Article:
April 2009
Volume 50, Issue 13
ARVO Annual Meeting Abstract  |   April 2009
Clinical Experience With Acanthamoeba Keratitis at the Cole Eye Institute, 1999-2008
Author Affiliations & Notes
  • Y. Qian
    Cleveland Clinic Cole Eye Institute, Cleveland, Ohio
  • D. M. Meisler
    Cleveland Clinic Cole Eye Institute, Cleveland, Ohio
  • R. H. S. Langston
    Cleveland Clinic Cole Eye Institute, Cleveland, Ohio
  • B. H. Jeng
    Cleveland Clinic Cole Eye Institute, Cleveland, Ohio
  • Footnotes
    Commercial Relationships  Y. Qian, None; D.M. Meisler, None; R.H.S. Langston, None; B.H. Jeng, None.
  • Footnotes
    Support  Research to Prevent Blindness Challenge Grant, Department of Ophthalmology, Cleveland Clinic Lerner College of Medicine; NIH 1KL2 RR24990 Multidisciplinary Clinical Research Training Grant (BHJ)
Investigative Ophthalmology & Visual Science April 2009, Vol.50, 2403. doi:
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      Y. Qian, D. M. Meisler, R. H. S. Langston, B. H. Jeng; Clinical Experience With Acanthamoeba Keratitis at the Cole Eye Institute, 1999-2008. Invest. Ophthalmol. Vis. Sci. 2009;50(13):2403.

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      © ARVO (1962-2015); The Authors (2016-present)

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Purpose: : To review the clinical presentations, risk factors, medical and surgical management, and outcomes of patients with acanthamoeba keratitis (AK).

Methods: : Retrospective review of medical records of all patients suspected for having AK from January 1999 through May 2008 at Cole Eye Institute.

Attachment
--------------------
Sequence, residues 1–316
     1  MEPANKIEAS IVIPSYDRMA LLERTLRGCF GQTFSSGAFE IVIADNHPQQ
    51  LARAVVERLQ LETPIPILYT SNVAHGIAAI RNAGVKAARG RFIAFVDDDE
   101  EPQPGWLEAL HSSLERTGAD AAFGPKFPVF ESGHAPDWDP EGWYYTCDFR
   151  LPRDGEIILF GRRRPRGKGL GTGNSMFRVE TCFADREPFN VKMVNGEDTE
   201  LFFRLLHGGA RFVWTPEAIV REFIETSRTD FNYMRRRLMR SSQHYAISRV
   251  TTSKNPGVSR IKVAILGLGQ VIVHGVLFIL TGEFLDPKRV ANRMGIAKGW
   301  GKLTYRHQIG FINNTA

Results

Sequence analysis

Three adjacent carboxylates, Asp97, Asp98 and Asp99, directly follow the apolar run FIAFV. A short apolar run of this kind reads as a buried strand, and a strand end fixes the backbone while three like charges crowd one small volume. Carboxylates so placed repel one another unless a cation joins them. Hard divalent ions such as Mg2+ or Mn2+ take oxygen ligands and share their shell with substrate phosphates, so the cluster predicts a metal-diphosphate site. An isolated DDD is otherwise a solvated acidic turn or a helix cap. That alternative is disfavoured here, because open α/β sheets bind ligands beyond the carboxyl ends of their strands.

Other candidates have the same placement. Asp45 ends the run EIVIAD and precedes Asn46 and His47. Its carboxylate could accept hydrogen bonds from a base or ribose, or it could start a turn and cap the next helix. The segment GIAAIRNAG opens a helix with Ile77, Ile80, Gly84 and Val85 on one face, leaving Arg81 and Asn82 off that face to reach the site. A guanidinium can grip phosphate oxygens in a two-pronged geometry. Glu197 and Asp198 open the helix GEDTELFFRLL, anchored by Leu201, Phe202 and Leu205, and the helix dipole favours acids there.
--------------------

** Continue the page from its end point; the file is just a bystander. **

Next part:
Results: : Thirty-one eyes of 28 patients were identified as having either culture- or tissue-proven AK or presumed AK based on clinical exam and complete response to full course of treatment. The mean age was 35.5 years (range 13-61). 68% were female. Mean follow-up was 22.1 months (range 0-72). Risk factors identified for AK were exposure to contaminated water (25.8%), poor CL hygiene (16.1%), overnight wear of CL (12.9%), and history of trauma (3.2%). 74.2% of eyes presented with pain. The average duration of symptoms prior to diagnosis was 6.7 weeks (range 0-36). 42% were treated for herpes simplex keratitis prior to diagnosis of AK. 71% were treated with steroids prior to diagnosis. Clinical presentations included early AK: epithelial disease only in 29% of eyes or perineuritis in 19.4% of eyes, or late AK: stromal disease with or without epithelial disease in 71% of eyes or ring infiltrate in 32.3% of eyes. Most eyes were treated with 3-drop combination of topical polyhexamethylene biguanide, propamidine, neomycin, or chlorhexidine. Oral itraconazole was given in 65.5% of cases. Mean duration of topical treatment was 7.5 months (range 0.3-22). All 7 early AK cases had best corrected visual acuity of 20/30 or better at last follow-up. 63.6% of late AK cases achieved 20/30 or better. Complications from AK (cataract, glaucoma) were observed in 20.7% of patients. Eight of 29 eyes underwent surgical intervention, all of which were for visual rehabilitation. Five patients had recurrences of AK. One patient demonstrated viable cysts in the corneal button, despite 15 months of maximum medical treatment and 5 months off all medical treatment.

Conclusions: : The most common risk factor for AK continues to be CL wear. AK requires prolonged and intense treatment, although good final visual acuity can be achieved. Viable acanthamoeba cysts can still persist in a non-inflamed cornea after extensive medical therapy.

Keywords: Acanthamoeba • cornea: clinical science • bacterial disease 

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